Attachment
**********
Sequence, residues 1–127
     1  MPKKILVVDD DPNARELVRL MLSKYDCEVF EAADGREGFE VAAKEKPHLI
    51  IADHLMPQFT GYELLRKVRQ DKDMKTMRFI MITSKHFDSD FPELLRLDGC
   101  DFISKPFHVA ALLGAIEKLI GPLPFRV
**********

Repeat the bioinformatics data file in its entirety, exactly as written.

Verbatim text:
Sequence, residues 1–127
     1  MPKKILVVDD DPNARELVRL MLSKYDCEVF EAADGREGFE VAAKEKPHLI
    51  IADHLMPQFT GYELLRKVRQ DKDMKTMRFI MITSKHFDSD FPELLRLDGC
   101  DFISKPFHVA ALLGAIEKLI GPLPFRV